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A native epiphytic moss (Dicranum montanum Hedw.) growing on the trunks of northern red oak trees (Quercus rubra L.) was utilized to biomonitor atmospheric deposition within a mixed-hardwood forest along a ridgetop in southwestern Pennsylvania. Factor analysis and analysis of means revealed a location-related chemical signature in the forest moss that was spatially associated with local industrial/urban emissions, and especially with the metals/transition metals As, Cr, Cu, Fe, Mo, Ni, Pb, and Zn. This study documented the usefulness of D. montanum as a biomonitor for pollutant deposition, the utilization of epiphytic stem mosses in capturing stemflow pollutants, and provides a baseline dataset for monitoring relative changes in emissions/depositions in the study area.
Since 1996, Nova Scotia Plantwatch has collected earliest flower dates for 12 plant species at 200 sites in Nova Scotia. The initial results for 1996–1998 are compared with records collected by MacKay between 1892 and 1923. Although the Mackay data were from a colder climatic interval in the Northern Hemisphere, most flowering dates are not significantly different from the present warmer ( 0.5–0.7°C) period except during the 1998 season of record warmth. The only two species that showed significant differences are Epigaea repens and Syringa vulgaris. While E. repens showed significant later recent dates of first bloom, S. vulgaris showed earlier dates. Some of the variation within the province may be linked to oceanic influence; other variation reflects latitudinal gradients. These phenological results are compatible with other evidence that the average spring climate of the Atlantic Canada region has remained cool since 1948, but the early flowering in 1998 may be a response to a warming trend in the western part of the region.
The nesting behavior of >150 females of Episyron quinquenotatus was studied comparatively at eight localities in the northeastern United States from 1967 to 1993. The two major study sites, Presque Isle State Park, Erie County, PA, and Auburn, Cayuga County, NY, were investigated mainly during 1967–1969. Wasps nesting in sand at Presque Isle dug longer and deeper burrows more rapidly than females nesting in loamy fine sand at Auburn. Females at Auburn were smaller than those at Presque Isle and transported prey spiders mainly on the ground. The prey spiders at Presque Isle were often carried in flight by the larger wasps. Mechanics of nest closure sometimes differed between wasps at the two localities. Females captured six genera and nine species of orb-weaving spiders (Araneidae) at seven localities. Araneus patagiatus adult females, A. diadematus immatures, and Eustala anastera adult females were predominant prey at Presque Isle while Araniella displicata adult females and Neoscona arabesca adult females were prevalent prey at Auburn. Larger wasps laid larger eggs. There was a positive correlation between size of prey spider and size of wasp produced in the next generation. Females at Presque Isle sometimes completed two or, rarely, three nests per day.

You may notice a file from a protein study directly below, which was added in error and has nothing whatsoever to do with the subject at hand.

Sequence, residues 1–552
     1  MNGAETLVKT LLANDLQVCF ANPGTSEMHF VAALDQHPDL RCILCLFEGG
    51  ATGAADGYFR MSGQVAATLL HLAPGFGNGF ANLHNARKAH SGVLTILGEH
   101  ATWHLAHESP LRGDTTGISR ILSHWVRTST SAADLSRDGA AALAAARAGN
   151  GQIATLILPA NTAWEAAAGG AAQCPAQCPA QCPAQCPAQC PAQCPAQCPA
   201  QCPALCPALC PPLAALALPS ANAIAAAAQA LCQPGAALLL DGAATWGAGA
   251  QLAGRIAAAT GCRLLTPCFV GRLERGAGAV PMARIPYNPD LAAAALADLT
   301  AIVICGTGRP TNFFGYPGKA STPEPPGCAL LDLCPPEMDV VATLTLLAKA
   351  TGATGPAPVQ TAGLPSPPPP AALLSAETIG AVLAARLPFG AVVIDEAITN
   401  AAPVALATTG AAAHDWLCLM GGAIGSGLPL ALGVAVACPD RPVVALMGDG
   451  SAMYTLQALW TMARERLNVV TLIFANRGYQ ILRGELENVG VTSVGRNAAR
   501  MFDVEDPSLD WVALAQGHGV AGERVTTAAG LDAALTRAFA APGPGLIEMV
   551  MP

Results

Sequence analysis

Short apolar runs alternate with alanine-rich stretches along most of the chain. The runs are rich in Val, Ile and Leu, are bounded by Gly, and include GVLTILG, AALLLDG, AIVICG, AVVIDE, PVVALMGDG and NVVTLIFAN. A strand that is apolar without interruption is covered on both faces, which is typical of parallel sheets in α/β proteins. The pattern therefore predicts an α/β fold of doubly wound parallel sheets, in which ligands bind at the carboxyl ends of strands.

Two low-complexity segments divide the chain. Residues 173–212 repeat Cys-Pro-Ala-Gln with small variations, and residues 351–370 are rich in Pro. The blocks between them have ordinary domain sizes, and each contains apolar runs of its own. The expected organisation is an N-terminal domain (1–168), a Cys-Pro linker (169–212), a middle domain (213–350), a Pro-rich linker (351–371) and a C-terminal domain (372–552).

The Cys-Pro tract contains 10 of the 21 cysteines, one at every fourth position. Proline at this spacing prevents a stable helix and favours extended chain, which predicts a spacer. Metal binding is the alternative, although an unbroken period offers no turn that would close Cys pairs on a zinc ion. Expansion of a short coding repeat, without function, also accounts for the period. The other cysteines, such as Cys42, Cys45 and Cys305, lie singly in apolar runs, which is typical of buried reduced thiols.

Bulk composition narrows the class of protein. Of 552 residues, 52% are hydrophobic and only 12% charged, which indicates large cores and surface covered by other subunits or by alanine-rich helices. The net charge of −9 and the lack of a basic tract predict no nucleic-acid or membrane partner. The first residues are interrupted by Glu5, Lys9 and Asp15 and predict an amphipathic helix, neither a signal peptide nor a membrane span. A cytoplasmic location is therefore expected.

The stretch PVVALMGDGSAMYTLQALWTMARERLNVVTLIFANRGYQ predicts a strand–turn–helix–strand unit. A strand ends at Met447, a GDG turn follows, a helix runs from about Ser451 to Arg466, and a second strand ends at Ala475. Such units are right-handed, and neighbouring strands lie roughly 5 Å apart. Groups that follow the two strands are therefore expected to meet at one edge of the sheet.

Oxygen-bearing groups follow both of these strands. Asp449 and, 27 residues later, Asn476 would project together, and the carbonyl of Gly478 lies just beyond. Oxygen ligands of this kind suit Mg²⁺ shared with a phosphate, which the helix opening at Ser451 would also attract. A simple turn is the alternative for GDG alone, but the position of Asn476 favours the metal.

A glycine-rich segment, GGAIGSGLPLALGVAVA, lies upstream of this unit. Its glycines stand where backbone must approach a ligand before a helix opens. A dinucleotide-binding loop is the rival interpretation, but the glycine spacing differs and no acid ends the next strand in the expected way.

Hooded seals (Cystophora cristata) whelp on the North Atlantic pack ice in early spring and then historically distribute as far south as Nova Scotia. Recent reports document increased sightings in the northern Gulf of Maine. To determine the number of sightings in the southern Gulf of Maine, we reviewed records of stranded hooded seals between Kittery and Rockland, Maine, for 1997–1999 and found 84 confirmed reports. The 1998 totals (43), exceeded those in 1997 (20) or 1999 (21). Most sightings occurred during the winter months, with six in the summer/fall of 1999. Thus, hooded seals are sighted in substantial numbers in both the southern and northern Gulf of Maine.